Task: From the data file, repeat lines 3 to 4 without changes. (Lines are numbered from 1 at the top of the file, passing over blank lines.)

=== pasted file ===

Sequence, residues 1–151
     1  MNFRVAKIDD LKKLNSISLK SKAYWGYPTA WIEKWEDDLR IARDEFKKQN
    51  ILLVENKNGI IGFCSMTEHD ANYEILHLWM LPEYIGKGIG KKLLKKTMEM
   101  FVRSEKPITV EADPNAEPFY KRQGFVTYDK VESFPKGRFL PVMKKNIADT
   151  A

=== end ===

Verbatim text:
    51  ILLVENKNGI IGFCSMTEHD ANYEILHLWM LPEYIGKGIG KKLLKKTMEM
   101  FVRSEKPITV EADPNAEPFY KRQGFVTYDK VESFPKGRFL PVMKKNIADT